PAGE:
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Archive for January 17th, 2008

QOTD: Journalists need three things

Thursday, January 17th, 2008

“Journalists need three things.
The first is passion. Why are you doing this? What gets you out of bed in the morning? Figure that out, and devote as much attention as possible to those parts of your job. I still think journalism is the greatest racket in the world. You have a license to snoop, to ask questions of anyone.
The second thing is determination. Make yourself known and make your passions known. Push yourself and others to get space and time to explore your interests.
The third thing is persistence. It’s a virtue. What we do is not for wimps. Work hard and work smart. To take over a beat and really do something with it, you have to do your homework.”
— Ken Wells, page-one editor, The Wall Street Journal.

(Via Cleveland SPJ)

What do you say about suspected plagiarism?

Thursday, January 17th, 2008

As we continue to follow the recent floods up here in northwest Indiana, I’ve been called on to pick up random stories here and there. (Not so much random, but between beats kind of things.) Today it was the arrival of FEMA to assess the damage. Yesterday, it was about the American Red Cross naming the region a national level disaster.

A version of the charticle that ran in today’s paper was originally posted yesterday (Tuesday night) as a breaking news item. A version of my story was out on the state wire around 1 p.m. today (Wednesday).

Now, today, I was charged with kind of picking up all the pieces for a comprehensive “This is where we stand” update for Thursday’s paper. My editor handed me a story printed off the site of the paper in one of the small cities to our north, which was one of the worst affected spots. It included comments about the Red Cross efforts in that area, which he wanted me to check into.

I set it aside as I made some other calls and tried to rein in other sources and wrap up another story. About half an hour later, I picked the print out up and noticed something that piqued my interest. It sounded familiar. Really, really familiar.

At first I thought, well how many ways are there to write that an area’s been named a disaster site? Coincidence perhaps. But then, when I re-read it, I noticed something that made my heart race. Between the lead in my online update yesterday and the lead in the story that ran today I made a change to clarify something I realized after I’d already posted the update. My original lead was:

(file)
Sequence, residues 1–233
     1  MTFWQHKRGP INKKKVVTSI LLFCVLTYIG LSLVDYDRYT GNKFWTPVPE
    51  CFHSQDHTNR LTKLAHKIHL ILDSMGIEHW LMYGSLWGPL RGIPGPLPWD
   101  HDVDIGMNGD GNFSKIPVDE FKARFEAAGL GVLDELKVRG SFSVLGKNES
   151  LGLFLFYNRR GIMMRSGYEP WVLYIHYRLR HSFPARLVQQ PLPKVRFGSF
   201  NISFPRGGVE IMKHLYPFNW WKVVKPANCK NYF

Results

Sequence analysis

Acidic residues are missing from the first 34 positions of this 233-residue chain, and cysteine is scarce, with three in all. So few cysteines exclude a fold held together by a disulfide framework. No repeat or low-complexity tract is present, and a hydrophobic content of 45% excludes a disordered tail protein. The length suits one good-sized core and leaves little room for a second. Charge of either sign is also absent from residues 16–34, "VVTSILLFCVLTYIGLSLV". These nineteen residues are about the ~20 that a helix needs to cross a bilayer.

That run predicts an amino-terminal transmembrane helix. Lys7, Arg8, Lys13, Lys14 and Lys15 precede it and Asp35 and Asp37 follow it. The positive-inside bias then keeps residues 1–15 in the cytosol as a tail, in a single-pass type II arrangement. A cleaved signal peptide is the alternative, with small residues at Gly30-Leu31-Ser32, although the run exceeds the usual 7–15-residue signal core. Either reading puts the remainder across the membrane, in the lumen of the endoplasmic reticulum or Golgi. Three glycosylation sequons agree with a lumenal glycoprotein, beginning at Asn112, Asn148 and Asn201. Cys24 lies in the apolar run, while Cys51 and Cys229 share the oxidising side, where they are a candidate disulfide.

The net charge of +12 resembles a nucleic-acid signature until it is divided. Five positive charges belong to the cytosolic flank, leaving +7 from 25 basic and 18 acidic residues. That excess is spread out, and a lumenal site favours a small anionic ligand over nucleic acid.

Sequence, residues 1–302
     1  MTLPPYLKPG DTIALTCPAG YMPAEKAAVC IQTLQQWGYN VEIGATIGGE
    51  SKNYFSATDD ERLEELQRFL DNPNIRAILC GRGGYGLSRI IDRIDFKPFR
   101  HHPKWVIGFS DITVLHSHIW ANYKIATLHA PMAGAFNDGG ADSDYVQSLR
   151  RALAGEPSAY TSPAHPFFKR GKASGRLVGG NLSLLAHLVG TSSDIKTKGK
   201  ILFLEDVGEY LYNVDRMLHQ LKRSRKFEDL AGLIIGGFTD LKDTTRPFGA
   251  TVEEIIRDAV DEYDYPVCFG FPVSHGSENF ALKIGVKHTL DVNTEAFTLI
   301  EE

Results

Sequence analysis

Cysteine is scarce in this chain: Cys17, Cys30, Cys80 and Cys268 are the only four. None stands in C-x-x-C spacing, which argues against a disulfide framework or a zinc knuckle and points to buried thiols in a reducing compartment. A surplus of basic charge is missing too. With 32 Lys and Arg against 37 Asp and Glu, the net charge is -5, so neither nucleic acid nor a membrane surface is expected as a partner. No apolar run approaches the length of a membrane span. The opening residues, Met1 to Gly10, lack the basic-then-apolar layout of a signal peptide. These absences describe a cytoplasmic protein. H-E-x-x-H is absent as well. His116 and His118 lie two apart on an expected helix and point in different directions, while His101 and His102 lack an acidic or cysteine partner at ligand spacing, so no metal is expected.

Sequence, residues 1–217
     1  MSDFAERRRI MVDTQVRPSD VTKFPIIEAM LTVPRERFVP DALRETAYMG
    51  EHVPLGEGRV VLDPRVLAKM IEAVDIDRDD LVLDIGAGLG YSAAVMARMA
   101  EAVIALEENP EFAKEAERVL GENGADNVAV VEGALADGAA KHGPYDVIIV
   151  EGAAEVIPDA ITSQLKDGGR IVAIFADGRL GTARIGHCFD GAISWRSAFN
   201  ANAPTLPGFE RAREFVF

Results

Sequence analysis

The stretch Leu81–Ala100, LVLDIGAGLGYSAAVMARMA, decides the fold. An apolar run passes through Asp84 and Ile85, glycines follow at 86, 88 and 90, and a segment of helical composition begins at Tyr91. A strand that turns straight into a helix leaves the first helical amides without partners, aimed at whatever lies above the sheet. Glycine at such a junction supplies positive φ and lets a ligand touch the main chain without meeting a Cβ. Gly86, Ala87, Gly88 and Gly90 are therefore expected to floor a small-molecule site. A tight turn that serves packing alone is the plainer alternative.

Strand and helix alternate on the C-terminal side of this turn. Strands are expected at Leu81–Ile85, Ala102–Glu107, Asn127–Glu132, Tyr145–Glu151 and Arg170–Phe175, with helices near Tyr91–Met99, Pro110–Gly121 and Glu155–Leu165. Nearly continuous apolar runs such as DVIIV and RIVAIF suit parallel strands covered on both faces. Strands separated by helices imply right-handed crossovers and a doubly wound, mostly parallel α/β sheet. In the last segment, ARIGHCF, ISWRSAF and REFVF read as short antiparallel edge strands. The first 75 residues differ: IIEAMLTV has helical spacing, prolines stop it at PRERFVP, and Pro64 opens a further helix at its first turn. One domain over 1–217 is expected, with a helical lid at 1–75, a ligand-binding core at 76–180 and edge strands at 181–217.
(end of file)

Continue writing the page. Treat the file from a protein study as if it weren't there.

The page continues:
The American Red Cross has named Northwest Indiana a national level disaster because of the recent floods, which destroyed hundreds of homes and left thousands displaced.

As a result, more than 50 volunteers from across the country have already been mobilized to aid in the recovery effort in the 17-county region, with headquarters in Lafayette.

When I wasn’t just trying to get the story up, and I was smoothing it out for print, I realized I needed to specify it “left thousands of residents displaced.” Otherwise it sounds like it displaced homes. I also fixed the incorrect capitalization on northwest Indiana. Small technicalities.

But seeing the same technical mistakes in the other story made me suspicious. So I brought up my online update and compared the familiar-sounding lead.

My version, with a 6:55 p.m. time stamp:
My original update

Their version:
Plagiarized story

I don’t know if I can sum up in words how utterly shocked I was to discover the first two paragraphs of that story were identical to the first two graphs of my update. I mean, word for word they must have been copy and pasted. Go back and look again. I had to.

At first, my instinct was, maybe the wires picked it up and they just took that to top their story. But then I checked, and as I said before, it wasn’t on the wire until 1:12 p.m. I had the print out before then. Plus, the wire story further cleans up my lead. I also noticed the story doesn’t attribute anything to the Associated Press or even “Wire reports,” and it certainly doesn’t mention the J&C.

I mean, wow. I was pretty much speechless. This stuff doesn’t happen. Does it? Nobody’s that dumb. Are they?

This is plagiarism, right? I’m not confusing my journalism terms or just annoyed that guy took credit for my haphazard sentences and reporting. I mean, this is not OK. Right?

On one hand I have the inclination that I’m sure we caught them off guard because we got the news late in the day and posted it after the Red Cross had closed. Therefore, they likely couldn’t independently confirm what they read on our site. But they didn’t even attempt to rewrite around it. There was so much other, (presumably) original reporting in that story. Why would you top it off with someone else’s lead, especially if that someone else covers your region and will likely stumble across your story? I don’t get it. I mean. Who does that?!

The next question, I guess, once I reconcile my feelings is… What do you do with something like this? I pointed it out to my editor when I realized. I don’t know what he will do or has done. I asked him, jokingly, what he’d do if we just took two paragraphs from another paper, and his comment was simply, “I can’t fire a (the other paper) reporter.” I’d expect to be and hope I would be fired for doing that.

So I guess my question is, what would you do?

One of the other reporters suggested I e-mail the reporter directly to ask about it. But I don’t know. It’s probably one of those things best left to the editors.